Elvis sings Bob Dylan songs

Elvis Bob Cowboy
[vc_row][vc_column][vc_message message_box_color=”mulled_wine” icon_fontawesome=”fa fa-quote-left”]When I first heard Elvis’ voice I just knew that I wasn’t going to work for anybody; and nobody was going to be my boss. He is the deity supreme of rock & roll religion as it exists in today’s form. Hearing him for the first time was like busting out of jail.
I think for a long time that freedom to me was Elvis singing “Blue Moon of Kentucky”. I thank God for Elvis.
– Bob Dylan (24 August 1987 – US magazine feature on Elvis’ death anniversary)[/vc_message][/vc_column][/vc_row]

‘I really thought I’d be seeing Elvis soon.’
– Bob Dylan (1997)

Elvis Aaron Presley (January 8, 1935 – August 16, 1977). Regarded as one of the most significant cultural icons of the 20th century, he is often referred to as “the King of Rock and Roll”, or simply, “the King”.

Bob Dylan and Elvis clearly love/loved the same kind of music, blues, rock’n roll, country and gospel.

Elvis has done a few Bob Dylan songs.

Tomorrow Is A Long Time

RCA’s Studio B, Nashville – May 25, 1966
[vc_row][vc_column][vc_message message_box_color=”mulled_wine” icon_fontawesome=”fa fa-quote-left”]Yeah, Elvis Presley. I liked Elvis Presley… Elvis Presley recorded a song of mine. That’s the one recording I treasure the most… It was called Tomorrow Is A Long Time. I wrote it but never recorded it.
-Bob Dylan (Rolling Stone Magazine interview – November 1969)[/vc_message][/vc_column][/vc_row]

[vc_row][vc_column][vc_message message_box_color=”mulled_wine” icon_fontawesome=”fa fa-quote-left”]After a full night’s work the Imperials went home, leaving Elvis and the musicians to probe a little deeper into Elvis’s constantly surprising musical interests. In the months before the session Charlie had been playing the Odetta Sings Dylan album, and Elvis had become taken with “Tomorrow Is A Long Time,” a Bob Dylan original that had been recorded by several other artists, though Dylan himself had never released a version. Charlie McCoy had been among the Nashville players on Dylan’s Blonde On Blonde sessions; now, nine months later, here he was watching Elvis give Dylan a try. True to the song’s folk origins this was a guitar piece, so Scotty, Chip, and Charlie McCoy grabbed their acoustics while Bob Moore shifted to the electric bass. With only a tambourine added to the arrangement, they delved into another world, a place where Elvis had never ventured before. By take three they had completed a gorgeous—and, for Elvis, extraordinarily long—five-minute master.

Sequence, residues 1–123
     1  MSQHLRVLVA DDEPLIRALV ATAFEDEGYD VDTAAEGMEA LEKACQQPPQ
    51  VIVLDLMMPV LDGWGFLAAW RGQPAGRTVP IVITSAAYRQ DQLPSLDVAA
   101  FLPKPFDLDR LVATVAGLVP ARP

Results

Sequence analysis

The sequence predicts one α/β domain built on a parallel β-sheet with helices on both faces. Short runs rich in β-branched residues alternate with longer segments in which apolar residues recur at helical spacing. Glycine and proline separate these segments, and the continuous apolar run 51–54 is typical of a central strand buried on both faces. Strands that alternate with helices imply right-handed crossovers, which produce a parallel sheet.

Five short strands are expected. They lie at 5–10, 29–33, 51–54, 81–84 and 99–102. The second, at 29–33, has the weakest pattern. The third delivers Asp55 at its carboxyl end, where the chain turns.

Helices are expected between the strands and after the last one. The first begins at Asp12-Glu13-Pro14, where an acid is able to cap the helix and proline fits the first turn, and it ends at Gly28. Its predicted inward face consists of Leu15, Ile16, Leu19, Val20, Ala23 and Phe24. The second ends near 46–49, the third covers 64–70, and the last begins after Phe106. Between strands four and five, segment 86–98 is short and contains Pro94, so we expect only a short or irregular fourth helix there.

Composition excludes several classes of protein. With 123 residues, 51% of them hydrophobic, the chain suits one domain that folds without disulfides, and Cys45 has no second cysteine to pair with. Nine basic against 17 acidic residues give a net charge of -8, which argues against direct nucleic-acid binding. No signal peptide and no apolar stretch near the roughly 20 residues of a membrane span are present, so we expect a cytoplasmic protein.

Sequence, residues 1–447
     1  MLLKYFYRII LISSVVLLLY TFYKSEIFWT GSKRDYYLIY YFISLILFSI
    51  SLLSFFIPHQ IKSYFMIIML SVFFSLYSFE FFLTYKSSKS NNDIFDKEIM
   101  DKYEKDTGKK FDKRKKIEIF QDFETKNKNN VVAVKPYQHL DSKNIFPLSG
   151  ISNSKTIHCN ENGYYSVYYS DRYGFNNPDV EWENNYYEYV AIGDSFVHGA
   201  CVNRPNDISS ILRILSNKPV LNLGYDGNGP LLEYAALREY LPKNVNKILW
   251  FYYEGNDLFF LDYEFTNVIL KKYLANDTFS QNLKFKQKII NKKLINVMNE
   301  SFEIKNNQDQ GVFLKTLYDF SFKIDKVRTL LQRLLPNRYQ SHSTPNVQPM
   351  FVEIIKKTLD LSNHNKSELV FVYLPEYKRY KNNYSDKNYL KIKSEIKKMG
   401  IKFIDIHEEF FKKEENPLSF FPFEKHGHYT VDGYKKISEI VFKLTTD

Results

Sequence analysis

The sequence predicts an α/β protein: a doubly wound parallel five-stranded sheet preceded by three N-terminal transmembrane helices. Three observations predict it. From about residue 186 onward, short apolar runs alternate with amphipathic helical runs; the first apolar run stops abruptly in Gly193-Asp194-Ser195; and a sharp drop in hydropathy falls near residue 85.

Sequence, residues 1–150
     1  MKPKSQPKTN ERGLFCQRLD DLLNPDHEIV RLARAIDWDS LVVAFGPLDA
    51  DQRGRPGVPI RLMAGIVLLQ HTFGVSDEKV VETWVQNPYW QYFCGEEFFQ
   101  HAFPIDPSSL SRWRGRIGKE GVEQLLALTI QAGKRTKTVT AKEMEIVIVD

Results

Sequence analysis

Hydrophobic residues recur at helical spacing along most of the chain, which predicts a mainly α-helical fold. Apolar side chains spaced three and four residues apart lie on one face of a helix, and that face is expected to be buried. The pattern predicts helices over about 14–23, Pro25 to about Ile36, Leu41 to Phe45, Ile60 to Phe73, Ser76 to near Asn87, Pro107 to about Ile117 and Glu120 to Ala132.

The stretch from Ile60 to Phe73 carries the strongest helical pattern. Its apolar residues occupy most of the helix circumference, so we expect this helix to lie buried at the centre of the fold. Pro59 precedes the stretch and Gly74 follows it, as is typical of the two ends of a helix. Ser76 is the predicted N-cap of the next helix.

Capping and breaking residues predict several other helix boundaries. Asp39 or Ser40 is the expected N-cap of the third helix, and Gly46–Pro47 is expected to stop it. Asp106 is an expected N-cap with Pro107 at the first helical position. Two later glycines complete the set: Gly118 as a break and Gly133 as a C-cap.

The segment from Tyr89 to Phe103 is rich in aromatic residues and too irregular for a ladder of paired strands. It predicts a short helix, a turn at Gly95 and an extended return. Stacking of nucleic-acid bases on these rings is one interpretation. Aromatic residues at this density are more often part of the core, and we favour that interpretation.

–Ernst Jørgensen (Elvis Presley: A Life In Music)[/vc_message][/vc_column][/vc_row]

Nashville – May 28, 1966

Don’t Think Twice It’s Alright

RCA Studio B, Nashville – May 16, 1971
[vc_row][vc_column][vc_message message_box_color=”mulled_wine” icon_fontawesome=”fa fa-quote-left”]The complete recording of “Don’t Think Twice, It’s All Right” runs 11 minutes, 25 seconds; it was edited to 2:45 for its initial release. An 8:35 version was released in 1979 on Our Memories of Elvis—Vol. 2 (AQL1 3448), and Walk A Mile In My Shoes: The Essential 70’s Masters included a 4:00 edit.
–Ernst Jørgensen (Elvis Presley: A Life In Music) [/vc_message][/vc_column][/vc_row]
2:45 version

4 minute version

Long version

[vc_row][vc_column][vc_message message_box_color=”mulled_wine” icon_fontawesome=”fa fa-quote-left”]…it took only one guitar lick from James Burton to start Elvis off on an impromptu version of Bob Dylan’s “Don’t Think Twice, It’s All Right.” Al Pachucki was busy cutting the master take of the last Christmas song from the tape reel when Felton shouted, “Get the tape on.” The group jammed for eleven minutes, doing the same verses over and over, adding new licks and phrasings. This was one more from the collection of folk material Elvis had brought along on March 15, and evidently it had stayed on his mind. The song wasn’t meant to be taken at such a fast tempo, but no one gave too much thought to that because the feeling was there. After listening to a playback of Dylan’s song Elvis had no interest in returning to work on the Christmas material, so the band recorded tracks for the three remaining songs, and Elvis overdubbed his vocals a few nights later.
–Ernst Jørgensen (Elvis Presley: A Life In Music)[/vc_message][/vc_column][/vc_row]

Blowin’ In The Wind

Home recording 1966/67

Elvis – RCA’s Studio B, Nashville – May 20, 1971

I Shall Be Released

RCA’s Studio B, Nashville – May 20, 1971
[vc_row][vc_column][vc_message message_box_color=”mulled_wine” icon_fontawesome=”fa fa-quote-left”]..While Elvis struggled to remember the melody to “It’s Only Love,” he threw in a verse from Bob Dylan’s “I Shall Be Released,” and sang it with the kind of feeling that indicated that this song should have been the record.
–Ernst Jørgensen (Elvis Presley: A Life In Music) [/vc_message][/vc_column][/vc_row]

– Elvis Presley

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2 thoughts on “Elvis sings Bob Dylan songs

  1. It must have been thrill for Bob when he found out about Elvis doing his songs. Is there any thing written about Dylan’s reaction?

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